It took the intervention of top national leadership to put the implementation of the new education curriculum back on course, the Nation has learnt.
Pressure from high office and the concerted efforts of education stakeholders compelled Education Cabinet Secretary Amina Mohamed to change her tune from earlier in the week and announce that the roll-out will start in 2020, extending the launch date by a year.
The same pressure forced the minister to convene a series of meetings on Friday and Saturday to seek a safe path out of the debacle she had created.
On Saturday, Ms Mohamed met the National Steering Committee on Curriculum Review — the body in charge of advising and guiding the implementation of the proposed curriculum — and the team agreed that even though the programme would not be shelved completely, it had to be delayed by a year.
Speaking to the press after the meeting at the Kenya Institute of Curriculum Development (KICD), the CS announced that the ministry and the steering committee had settled on 2020 to go full throttle on the new curriculum. The decision was based on the findings of independent evaluators, who had identified several weaknesses in the programme, including lack of funding, poor school infrastructure, and haphazard training of teachers.
The CS read a statement, but declined to take any questions from journalists, and left immediately.
Ms Mohamed threw the country into a panic when she told a Senate committee last week that the new curriculum will be put on hold for a while.
She argued that there had not been adequate preparations to allow its implementation. Effectively, therefore, the country was to continue with the 8-4-4 system for a while.
This sparked outrage from stakeholders, who argued that it was a major let-down to the country since heavy investments had been made in piloting the curriculum in Pre-primary to Grade Three levels.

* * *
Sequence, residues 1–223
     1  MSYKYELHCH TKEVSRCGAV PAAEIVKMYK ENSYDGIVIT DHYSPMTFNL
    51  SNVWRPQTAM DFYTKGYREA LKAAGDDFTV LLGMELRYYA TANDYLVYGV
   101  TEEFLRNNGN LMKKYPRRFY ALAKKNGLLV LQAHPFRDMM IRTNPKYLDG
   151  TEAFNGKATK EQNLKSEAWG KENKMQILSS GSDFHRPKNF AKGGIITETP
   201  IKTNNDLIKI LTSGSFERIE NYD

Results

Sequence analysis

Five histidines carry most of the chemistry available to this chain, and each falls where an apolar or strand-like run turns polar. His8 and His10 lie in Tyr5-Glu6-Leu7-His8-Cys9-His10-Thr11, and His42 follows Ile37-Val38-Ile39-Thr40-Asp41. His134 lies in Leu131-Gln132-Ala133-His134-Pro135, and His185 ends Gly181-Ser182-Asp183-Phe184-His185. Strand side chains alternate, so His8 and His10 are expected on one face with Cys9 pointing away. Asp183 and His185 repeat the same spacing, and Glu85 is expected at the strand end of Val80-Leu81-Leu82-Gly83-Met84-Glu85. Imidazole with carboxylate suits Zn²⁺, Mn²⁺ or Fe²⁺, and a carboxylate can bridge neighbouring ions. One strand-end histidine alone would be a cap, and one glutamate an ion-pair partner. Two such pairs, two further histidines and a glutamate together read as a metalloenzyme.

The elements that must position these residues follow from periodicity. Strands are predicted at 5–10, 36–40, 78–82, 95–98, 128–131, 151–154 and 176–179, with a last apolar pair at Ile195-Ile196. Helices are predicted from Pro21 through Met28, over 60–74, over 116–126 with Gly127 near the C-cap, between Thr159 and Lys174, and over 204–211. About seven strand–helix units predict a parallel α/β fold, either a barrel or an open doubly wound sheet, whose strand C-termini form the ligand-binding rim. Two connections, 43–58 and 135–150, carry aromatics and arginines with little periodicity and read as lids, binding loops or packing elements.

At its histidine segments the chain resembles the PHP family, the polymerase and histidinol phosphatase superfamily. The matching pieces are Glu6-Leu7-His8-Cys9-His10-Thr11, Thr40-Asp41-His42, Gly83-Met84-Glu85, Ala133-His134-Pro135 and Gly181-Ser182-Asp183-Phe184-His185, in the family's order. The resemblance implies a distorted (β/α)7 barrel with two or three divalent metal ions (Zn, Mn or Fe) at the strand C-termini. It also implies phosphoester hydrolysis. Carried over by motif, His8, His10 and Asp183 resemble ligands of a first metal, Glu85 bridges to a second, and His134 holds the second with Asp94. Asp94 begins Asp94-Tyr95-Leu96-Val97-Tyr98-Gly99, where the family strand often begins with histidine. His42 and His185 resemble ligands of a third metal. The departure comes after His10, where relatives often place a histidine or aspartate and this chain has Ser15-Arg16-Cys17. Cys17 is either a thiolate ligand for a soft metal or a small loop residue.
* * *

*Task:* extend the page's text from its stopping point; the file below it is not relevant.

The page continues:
Backtracking on the new curriculum also meant that those learners would be forced to revert to 8-4-4, and there were concerns whether they would be able to make the mental and skills shift as quickly as required.
Several things had to happen fast to avert a looming disaster in the education sector.
Sources within government told the Nation that Ms Mohamed’s announcement putting off the new curriculum had caused friction within the Cabinet.
Reforming the education sector was one of President Kenyatta’s campaign agenda and stalling the process, for whatever reason, meant back-pedalling on the pledge to Kenyans.
Since taking over the ministry early in the year, Ms Mohamed has only met the National Steering Committee on Curriculum Reforms once. The meeting at the weekend was the second, but this was occasioned by the crisis that had engulfed the education sector following her pronouncement on Tuesday.
Two weeks ago Ms Mohamed declined to attend the Nation Leadership Forum at the University of Nairobi that focused on the new curriculum, even after confirming that she would be present.
Instead, the Cabinet Secretary sent the Principal Secretary, Dr Belio Kipsang, and KICD director Julius Jwan
The two officials confirmed that the government was ready to roll out the curriculum next year.
The wrangling over the new syllabus, however, goes beyond the boardrooms and policy documents to the vested interests of players in the multi-billion-shilling industry.
Investigations by the Nation indicate that some influential people in government have not been convinced that the country should change from 8-4-4 to the proposed 2-6-3-3 system.
And, to complicate the arithmetic, the Education ministry and its various specialised agencies are not pulling in the same direction, their animosity fuelled by various external political pressures.
Interviews with multiple sources show that there is divergence of view in government over the curriculum. And even among those paid to implement it, there is a push-and-pull regarding control of the process.
Also, no budget has been allocated for the review process by the government, and so most of the activities surrounding the roll-out, such as teacher training or conferences, are funded on an ad hoc basis by external donors, among them Unicef.
Units within the Education ministry have been haggling in boardrooms over who ought to champion the curriculum reform process, and in particular take charge of specific components such as teacher training or development of assessment criteria and materials.